Not a Broken Language


How do Chinese people name their kids? Oh it’s very easy, they just throw a spoon down the stairs, and ching chang ting ling bing ding ming. There you have it, what a wonderful boy’s name!

I’ll just establish this right now that ching chang ting ling bing ding ming means absolutely and utterly nothing. It sounds as ridiculous to you as it does to me, a second generation Chinese girl who learned the language in my grandmother’s kitchen and in weekly Sunday school.

Chinese developed and advanced over thousands of years, developing not only into a language that 16 percent of the world’s population speaks as their first language but also an art form. Revered as an unmatched part of of Chinese culture, calligraphy reveals the beauty, effort and timeliness of the strokes that make up each character.

Yet, today in American culture, the Chinese language is thrown around, mocked and degraded throughout social media and pop culture. Tweets and memes of Chinese little boys with bad haircuts, chopsticks in one hand, calculator in the other and squinty eyes trend all across the Internet, perpetuating the stereotype of a typical Chinese math wizard. The caption then reads “Mom, why do Asians sleep so much?” or “HAHA, Medusa ain’t getting me.” Playing off TV personality Jimmy Kimmel’s popular segment “Celebrities Read Mean Tweets,” this New York Times Video, “Asian Americans Respond,” shows just how derogatory Asian racist tweets are.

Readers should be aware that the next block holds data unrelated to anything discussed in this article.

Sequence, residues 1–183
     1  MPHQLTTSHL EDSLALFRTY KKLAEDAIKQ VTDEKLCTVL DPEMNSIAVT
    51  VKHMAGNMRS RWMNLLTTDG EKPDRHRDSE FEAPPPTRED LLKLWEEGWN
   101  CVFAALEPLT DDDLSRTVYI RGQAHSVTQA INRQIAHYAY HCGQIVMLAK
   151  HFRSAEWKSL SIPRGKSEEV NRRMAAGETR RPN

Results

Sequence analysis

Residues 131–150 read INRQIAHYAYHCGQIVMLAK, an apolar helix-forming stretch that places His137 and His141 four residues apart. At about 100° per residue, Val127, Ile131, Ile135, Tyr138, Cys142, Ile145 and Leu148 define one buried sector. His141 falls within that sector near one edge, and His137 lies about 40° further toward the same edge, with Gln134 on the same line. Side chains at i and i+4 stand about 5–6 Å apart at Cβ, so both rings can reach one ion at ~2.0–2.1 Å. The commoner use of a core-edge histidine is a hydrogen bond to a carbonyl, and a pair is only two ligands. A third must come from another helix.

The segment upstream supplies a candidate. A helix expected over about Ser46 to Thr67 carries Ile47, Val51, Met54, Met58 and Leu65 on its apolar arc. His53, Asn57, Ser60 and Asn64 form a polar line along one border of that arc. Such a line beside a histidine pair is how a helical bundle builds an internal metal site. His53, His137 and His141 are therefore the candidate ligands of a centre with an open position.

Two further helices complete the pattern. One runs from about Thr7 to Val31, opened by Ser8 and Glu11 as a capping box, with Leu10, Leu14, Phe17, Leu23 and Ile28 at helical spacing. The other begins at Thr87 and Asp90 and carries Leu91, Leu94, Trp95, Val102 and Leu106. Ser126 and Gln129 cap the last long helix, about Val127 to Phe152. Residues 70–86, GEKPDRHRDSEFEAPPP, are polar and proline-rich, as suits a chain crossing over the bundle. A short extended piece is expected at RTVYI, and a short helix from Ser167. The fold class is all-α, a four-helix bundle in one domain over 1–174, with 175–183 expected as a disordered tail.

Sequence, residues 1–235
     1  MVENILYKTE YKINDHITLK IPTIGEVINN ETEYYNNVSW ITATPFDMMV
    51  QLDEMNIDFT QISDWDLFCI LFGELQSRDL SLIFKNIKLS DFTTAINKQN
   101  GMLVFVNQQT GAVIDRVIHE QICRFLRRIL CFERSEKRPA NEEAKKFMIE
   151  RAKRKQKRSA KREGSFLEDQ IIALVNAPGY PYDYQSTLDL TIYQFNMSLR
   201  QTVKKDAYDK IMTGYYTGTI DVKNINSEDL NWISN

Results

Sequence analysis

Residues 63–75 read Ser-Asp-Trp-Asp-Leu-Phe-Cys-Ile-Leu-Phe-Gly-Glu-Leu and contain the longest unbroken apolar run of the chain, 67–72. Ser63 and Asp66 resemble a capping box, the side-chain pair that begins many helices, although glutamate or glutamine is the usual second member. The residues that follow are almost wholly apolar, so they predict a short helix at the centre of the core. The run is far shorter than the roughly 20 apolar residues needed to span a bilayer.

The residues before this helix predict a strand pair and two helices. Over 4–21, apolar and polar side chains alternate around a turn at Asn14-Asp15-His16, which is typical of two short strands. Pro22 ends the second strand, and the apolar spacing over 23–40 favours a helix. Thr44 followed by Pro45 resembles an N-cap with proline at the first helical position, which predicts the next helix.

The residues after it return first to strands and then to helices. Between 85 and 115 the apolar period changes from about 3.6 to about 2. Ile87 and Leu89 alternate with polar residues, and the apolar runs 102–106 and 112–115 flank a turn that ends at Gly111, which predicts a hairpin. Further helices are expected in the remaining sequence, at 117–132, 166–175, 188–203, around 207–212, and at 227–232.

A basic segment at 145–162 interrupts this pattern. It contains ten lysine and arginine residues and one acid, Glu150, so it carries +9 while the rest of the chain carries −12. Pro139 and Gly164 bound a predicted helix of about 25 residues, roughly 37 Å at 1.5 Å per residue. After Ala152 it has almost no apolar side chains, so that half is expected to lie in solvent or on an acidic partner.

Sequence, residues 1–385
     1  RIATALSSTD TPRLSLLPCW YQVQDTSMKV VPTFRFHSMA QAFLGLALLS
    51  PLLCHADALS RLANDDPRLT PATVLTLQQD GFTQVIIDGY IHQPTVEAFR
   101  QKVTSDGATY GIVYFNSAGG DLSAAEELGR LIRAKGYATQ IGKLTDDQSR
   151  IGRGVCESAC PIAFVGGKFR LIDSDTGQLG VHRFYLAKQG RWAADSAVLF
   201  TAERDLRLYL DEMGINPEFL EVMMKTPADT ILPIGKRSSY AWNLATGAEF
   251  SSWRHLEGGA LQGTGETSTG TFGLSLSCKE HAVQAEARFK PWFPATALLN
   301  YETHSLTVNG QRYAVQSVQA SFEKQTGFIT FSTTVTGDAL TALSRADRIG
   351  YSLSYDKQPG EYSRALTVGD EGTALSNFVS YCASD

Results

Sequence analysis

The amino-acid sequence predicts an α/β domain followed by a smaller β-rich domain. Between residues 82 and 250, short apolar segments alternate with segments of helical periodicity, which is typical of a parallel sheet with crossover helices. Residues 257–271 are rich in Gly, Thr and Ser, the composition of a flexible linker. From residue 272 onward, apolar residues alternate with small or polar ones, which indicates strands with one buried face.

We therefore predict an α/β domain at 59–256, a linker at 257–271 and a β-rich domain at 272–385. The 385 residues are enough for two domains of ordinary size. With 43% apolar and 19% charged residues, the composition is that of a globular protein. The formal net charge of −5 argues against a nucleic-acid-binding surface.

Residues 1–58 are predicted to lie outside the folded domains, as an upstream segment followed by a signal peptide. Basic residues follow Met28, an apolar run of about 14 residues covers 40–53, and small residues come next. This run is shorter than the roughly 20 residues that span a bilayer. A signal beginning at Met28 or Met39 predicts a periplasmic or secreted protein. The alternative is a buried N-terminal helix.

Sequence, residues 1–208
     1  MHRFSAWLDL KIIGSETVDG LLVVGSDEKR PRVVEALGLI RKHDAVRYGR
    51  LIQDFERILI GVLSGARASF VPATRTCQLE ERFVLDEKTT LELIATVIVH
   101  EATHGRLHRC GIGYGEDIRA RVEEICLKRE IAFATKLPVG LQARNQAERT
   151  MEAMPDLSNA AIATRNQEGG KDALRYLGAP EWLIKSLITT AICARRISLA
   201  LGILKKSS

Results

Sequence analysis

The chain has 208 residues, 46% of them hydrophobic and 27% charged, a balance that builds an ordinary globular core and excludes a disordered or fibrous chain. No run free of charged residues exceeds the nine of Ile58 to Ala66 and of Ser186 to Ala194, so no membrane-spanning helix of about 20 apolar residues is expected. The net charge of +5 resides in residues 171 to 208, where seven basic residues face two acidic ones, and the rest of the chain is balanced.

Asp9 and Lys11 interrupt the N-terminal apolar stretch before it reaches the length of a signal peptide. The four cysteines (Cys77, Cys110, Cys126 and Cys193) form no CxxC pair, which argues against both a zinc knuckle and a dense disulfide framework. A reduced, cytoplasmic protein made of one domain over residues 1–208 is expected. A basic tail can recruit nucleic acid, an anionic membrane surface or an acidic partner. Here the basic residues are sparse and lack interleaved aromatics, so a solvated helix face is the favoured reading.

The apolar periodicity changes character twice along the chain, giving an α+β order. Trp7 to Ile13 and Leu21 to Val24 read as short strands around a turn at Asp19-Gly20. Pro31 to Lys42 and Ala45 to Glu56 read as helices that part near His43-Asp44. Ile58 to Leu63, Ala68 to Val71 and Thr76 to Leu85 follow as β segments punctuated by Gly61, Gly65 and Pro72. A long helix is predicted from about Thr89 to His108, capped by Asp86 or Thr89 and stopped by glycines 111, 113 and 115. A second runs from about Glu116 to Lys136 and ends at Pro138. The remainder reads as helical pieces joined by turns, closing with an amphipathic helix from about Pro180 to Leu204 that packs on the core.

Here’s the thing, props to all those Chinese math wizards out there, your intelligence doesn’t need to be insulted by any demeaning social media post. And to all those Chinese students out there for whom math is not their forte, that’s ok too. Math isn’t tied to an ethnicity, and you are not tied to a subject.

Chinese people are not defined by their math mastery or the chings and mings in their conversations, and neither should anyone of any Asian descent and of any ethnicity. While I understand that there are clear distinctions between the English and Chinese language just by sound and characters, we should celebrate the differences that make each human individually unique.

Just because a language might differ from English, it is not broken. Instead, from Chinese to Hindi and everything in between, they tell a story of a country’s history, heritage, progress and future.

– Aurelia Han – A&E Editor –